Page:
Instruction in the mechanical department is considered essential to the student of 
designing, as many of the new fabrics brought out by designers from year to year are 
based as much upon the mechanism of the loom as upon pure design. 

During the second year more advanced fabrics, such as double cloths, Bedford cords, 
piques, and lenos, are studied, both in designing and analysis, while much of the work in 
the weave room consists of putting original designs into the looms and weaving a short 
length of each. 

Commencing with the first term of the second year, a practical course in color is offered 
the student, who is required to work out a series of color scales and apply them in color- 
ing designs. 

In the second term of this year cotton sampling is introduced. 

The third year is largely devoted to the subject of Jacquard designing in both the 
designing and weaving departments. During this year the subject of commission house 
work, as it applies to the styling and finishing of new fabrics, is dealt with, and the stu- 
dent is given a close insight into the requirements of this branch of designing. 

For the student who wishes to perfect himself in the subject of cloth designing, as 
applied to the cotton trade, this course will be found very complete. 

Elementary Textile Technology 

This course has been designed principally for boys and girls attending high school. 
It may be taken by others who are interested in what it offers. The subject matter con- 
sists of the theory and practical training in testing of textile materials composed of cot-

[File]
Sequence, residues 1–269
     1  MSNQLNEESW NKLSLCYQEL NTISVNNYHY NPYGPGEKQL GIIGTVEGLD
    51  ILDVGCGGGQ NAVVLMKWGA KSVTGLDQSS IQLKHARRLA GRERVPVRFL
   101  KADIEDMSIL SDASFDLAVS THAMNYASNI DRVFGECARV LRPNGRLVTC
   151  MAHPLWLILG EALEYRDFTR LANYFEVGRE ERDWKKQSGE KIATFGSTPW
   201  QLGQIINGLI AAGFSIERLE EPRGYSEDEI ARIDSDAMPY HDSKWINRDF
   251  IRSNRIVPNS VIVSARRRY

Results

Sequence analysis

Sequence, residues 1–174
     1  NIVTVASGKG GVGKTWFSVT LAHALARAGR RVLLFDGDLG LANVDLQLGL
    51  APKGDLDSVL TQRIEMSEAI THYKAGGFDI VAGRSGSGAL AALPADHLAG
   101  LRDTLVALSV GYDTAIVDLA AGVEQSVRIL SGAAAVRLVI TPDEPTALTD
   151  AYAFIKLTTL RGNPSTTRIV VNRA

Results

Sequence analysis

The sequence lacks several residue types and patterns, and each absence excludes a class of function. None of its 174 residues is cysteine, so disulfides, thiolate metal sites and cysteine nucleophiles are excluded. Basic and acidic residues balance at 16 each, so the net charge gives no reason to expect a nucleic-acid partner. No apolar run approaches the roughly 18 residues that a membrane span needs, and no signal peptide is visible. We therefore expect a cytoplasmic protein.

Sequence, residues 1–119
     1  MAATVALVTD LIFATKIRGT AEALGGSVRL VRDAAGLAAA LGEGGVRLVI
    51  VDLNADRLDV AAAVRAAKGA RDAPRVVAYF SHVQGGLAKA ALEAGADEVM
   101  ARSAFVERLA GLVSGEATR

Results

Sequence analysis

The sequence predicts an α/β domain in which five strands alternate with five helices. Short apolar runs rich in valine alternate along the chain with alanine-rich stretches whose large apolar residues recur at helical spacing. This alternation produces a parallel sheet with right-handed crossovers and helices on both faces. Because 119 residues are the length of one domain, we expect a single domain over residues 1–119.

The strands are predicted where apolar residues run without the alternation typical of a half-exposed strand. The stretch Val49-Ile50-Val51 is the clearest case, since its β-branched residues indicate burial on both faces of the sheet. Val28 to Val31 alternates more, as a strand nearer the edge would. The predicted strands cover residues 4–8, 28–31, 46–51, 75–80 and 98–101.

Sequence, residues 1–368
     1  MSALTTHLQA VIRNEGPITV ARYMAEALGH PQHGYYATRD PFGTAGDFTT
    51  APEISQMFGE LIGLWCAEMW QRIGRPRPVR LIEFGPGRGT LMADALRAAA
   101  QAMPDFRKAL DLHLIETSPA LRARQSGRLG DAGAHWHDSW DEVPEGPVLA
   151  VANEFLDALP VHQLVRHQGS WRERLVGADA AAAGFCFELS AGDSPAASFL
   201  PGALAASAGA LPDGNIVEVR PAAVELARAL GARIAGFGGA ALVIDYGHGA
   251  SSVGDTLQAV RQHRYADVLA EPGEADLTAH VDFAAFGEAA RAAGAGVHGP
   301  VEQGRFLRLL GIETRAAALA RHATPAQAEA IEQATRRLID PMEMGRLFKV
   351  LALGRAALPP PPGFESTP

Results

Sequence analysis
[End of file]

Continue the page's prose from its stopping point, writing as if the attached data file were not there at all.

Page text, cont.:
ton, wool, rayon, nylon, aralac, soybean and other fibers; the mechanics and practical 
use of the microscope; principles of textile designing and analysis; consumer training in 
the purchase, use and care of textile materials, wearing apparel and household articles; 
and the dye fastness properties of various colored textiles. Actual laboratory work by 
the student supplements the classroom lectures. In this course, the classes meet every 
afternoon, Monday through Friday, for one and one-half hours each day. 

Consumer Education in Textiles 

A course whereby the consumer can secure considerable knowledge to assist in better 
buying, proper use of and best care for textile materials is offered to housewives, business 
women and the consuming public in general. This course consists of one meeting a week, 
either day or evening, for each class, for twelve weeks. These weekly lectures and class 
demonstrations are of one and one-half hour length. The characteristics of the synthetic 
fibers, such as rayon, nylon, aralac, soybean are stressed in this course. The basic sub-